Nonetheless, the rebel forces penetrated the only open part of the Union front, along the Columbia Pike, and close combat ensued as darkness fell. In time, the Confederate forces were repelled, but the rebels took Franklin during the evening.
But Schofield had successfully restored the river crossings and by midnight, the Union forces had crossed the bridges and followed their supply trains into Nashville. Hood’s forces had suffered 6,252 casualties, including 1,750 killed and 3,800 wounded. An estimated 2,000 others suffered less serious wounds and returned to duty before the subsequent battle to take Nashville. “But more importantly, the military leadership in the West was decimated, including the loss of perhaps the best division commander of either side, Patrick Cleburne, who was killed in action. Fourteen Confederate generals (six killed, seven wounded, and one captured) and 55 regimental commanders were casualties. Five generals killed in action at Franklin were Cleburne, John Adams, Hiram B. Granbur, States Rights Gist, and Otha F. Strahl. A sixth general, John C. Carter, was mortally wounded and died later on December 10.
Tactically, Hood’s forces won the battle, although at great cost. His aim was to capture Nashville, proceed into Indiana at New Albany, and then to move eastward to join up with supreme Gen. Robert E. Lee and relieve the siege of Richmond. But the subsequent attack on Nashville was an unmitigated disaster. Hood retreated, ultimately, to Mississippi and his forces were never again a factor in the war.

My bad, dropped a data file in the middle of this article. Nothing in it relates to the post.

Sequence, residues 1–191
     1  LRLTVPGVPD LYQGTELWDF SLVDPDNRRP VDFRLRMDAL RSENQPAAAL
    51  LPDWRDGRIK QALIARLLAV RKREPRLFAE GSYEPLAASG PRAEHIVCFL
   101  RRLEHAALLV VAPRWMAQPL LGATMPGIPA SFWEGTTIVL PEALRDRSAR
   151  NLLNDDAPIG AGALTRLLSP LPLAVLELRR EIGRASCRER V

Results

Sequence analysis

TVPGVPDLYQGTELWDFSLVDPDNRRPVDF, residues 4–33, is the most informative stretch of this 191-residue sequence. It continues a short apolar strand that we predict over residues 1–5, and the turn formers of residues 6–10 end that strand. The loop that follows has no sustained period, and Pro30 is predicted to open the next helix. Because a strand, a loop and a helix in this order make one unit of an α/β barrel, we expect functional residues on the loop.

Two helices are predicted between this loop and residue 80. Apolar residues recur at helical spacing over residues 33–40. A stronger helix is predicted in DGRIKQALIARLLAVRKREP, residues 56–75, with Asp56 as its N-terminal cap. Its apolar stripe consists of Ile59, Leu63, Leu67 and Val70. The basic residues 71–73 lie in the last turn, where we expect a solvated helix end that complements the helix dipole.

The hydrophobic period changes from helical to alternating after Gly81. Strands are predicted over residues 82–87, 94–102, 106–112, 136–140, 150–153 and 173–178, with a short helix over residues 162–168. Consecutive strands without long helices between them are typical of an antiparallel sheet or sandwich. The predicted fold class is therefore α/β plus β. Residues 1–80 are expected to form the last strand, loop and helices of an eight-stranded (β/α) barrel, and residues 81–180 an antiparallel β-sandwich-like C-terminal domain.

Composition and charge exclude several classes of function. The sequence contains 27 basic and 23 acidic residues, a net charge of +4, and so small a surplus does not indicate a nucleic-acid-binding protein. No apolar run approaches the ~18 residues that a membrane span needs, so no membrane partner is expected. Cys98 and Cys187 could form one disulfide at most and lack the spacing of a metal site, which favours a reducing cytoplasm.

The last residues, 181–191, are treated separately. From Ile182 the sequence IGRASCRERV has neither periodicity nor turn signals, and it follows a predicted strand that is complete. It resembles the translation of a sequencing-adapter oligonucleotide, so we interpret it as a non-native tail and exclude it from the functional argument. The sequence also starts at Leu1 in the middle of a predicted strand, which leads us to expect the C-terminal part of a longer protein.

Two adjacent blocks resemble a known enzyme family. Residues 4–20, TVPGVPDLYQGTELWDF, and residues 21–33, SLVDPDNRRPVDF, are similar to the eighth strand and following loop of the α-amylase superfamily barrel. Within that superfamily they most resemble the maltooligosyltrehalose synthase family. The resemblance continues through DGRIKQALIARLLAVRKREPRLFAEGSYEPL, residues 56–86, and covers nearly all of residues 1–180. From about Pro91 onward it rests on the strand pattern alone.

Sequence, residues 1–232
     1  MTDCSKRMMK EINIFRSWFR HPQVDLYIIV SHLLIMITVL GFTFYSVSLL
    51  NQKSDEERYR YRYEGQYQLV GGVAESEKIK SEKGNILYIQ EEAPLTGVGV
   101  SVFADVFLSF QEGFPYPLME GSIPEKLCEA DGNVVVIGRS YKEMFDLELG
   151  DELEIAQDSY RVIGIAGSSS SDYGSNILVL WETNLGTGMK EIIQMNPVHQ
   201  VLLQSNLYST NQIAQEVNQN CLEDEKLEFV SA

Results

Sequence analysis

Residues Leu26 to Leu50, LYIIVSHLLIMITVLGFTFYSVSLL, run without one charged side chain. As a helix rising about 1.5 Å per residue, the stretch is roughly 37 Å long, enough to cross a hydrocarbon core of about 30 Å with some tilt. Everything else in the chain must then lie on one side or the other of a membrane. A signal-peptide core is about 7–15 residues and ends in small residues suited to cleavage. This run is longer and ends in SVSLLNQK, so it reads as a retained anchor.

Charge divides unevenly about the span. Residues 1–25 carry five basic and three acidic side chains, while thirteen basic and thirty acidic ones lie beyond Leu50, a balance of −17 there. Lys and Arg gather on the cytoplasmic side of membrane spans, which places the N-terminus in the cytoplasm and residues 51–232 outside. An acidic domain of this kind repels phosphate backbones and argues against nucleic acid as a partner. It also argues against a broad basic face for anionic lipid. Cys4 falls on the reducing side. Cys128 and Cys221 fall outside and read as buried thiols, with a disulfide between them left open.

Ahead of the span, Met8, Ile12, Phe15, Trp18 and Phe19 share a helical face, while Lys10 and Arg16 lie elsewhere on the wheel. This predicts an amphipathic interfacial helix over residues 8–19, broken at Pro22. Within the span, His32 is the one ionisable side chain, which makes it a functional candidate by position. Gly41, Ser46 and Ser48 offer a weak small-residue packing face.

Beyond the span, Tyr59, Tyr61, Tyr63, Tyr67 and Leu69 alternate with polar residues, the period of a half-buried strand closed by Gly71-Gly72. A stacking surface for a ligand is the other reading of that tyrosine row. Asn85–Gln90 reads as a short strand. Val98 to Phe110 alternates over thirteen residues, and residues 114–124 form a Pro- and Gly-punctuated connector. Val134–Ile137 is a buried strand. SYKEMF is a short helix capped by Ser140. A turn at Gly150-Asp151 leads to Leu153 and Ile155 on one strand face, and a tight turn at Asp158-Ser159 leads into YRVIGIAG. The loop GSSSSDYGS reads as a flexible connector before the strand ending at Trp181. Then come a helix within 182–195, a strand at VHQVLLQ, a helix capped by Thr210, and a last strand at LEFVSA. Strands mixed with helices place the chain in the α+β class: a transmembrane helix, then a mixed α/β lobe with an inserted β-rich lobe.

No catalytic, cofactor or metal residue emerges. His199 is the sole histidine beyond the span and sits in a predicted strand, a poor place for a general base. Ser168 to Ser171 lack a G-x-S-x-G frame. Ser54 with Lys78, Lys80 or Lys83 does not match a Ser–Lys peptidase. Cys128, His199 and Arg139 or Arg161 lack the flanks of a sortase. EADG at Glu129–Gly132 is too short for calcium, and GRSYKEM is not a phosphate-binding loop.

The impact point of the Battle of Franklin was the Carter House along the Columbia Pike. Today, it is preserved (bullet-holes and all) as a historical site. The nearby Lotz House is also a site that can be visited by tourists.
Carnton, the McGavock Plantation, is perhaps the most moving of the battlefield sites. Although the house itself was beyond the range of Union artillery, it was a central point of attack. By nightfall, it became a wartime hospital and its back porch served as a repository of the bodies of the many senior officers who perished in the battle.
Today, Carnton is an exemplar of both Ante-Bellum architecture and an incredibly impressive interpretive site for Civil War history. Our experience exceeded our expectations. The interpretive guide was knowledgeable and sensitive to the significance of the battle and the compassion of the estate’s owners, the McGavocks.
If one were limited to visiting only one site representative of the Battle of Franklin, Carnton should be the choice. The Federal-style house, a two-story, eight-room plantation house, is quite impressive. The McGavocks dedicated a portion of their estate to a cemetery adjacent to their family plots, in which are interred the Confederate dead from the Battle of Franklin.
The cemetery is open to the public. The Carnton mansion and adjacent garden (quite impressive are available for guided daily tours for a fee.
We were quite impressed with Carnton and its interpreters. If you only have one day to tour, Carnton is the best choice. Their museum (free) provides sufficient information, but the house tour is an essential for understanding the battle, the times, and the neutrality of honoring those men who fought for a cause they believed in.
In sum, Take Life on the Road strongly endorses a day-trip or longer to Franklin, Tennessee.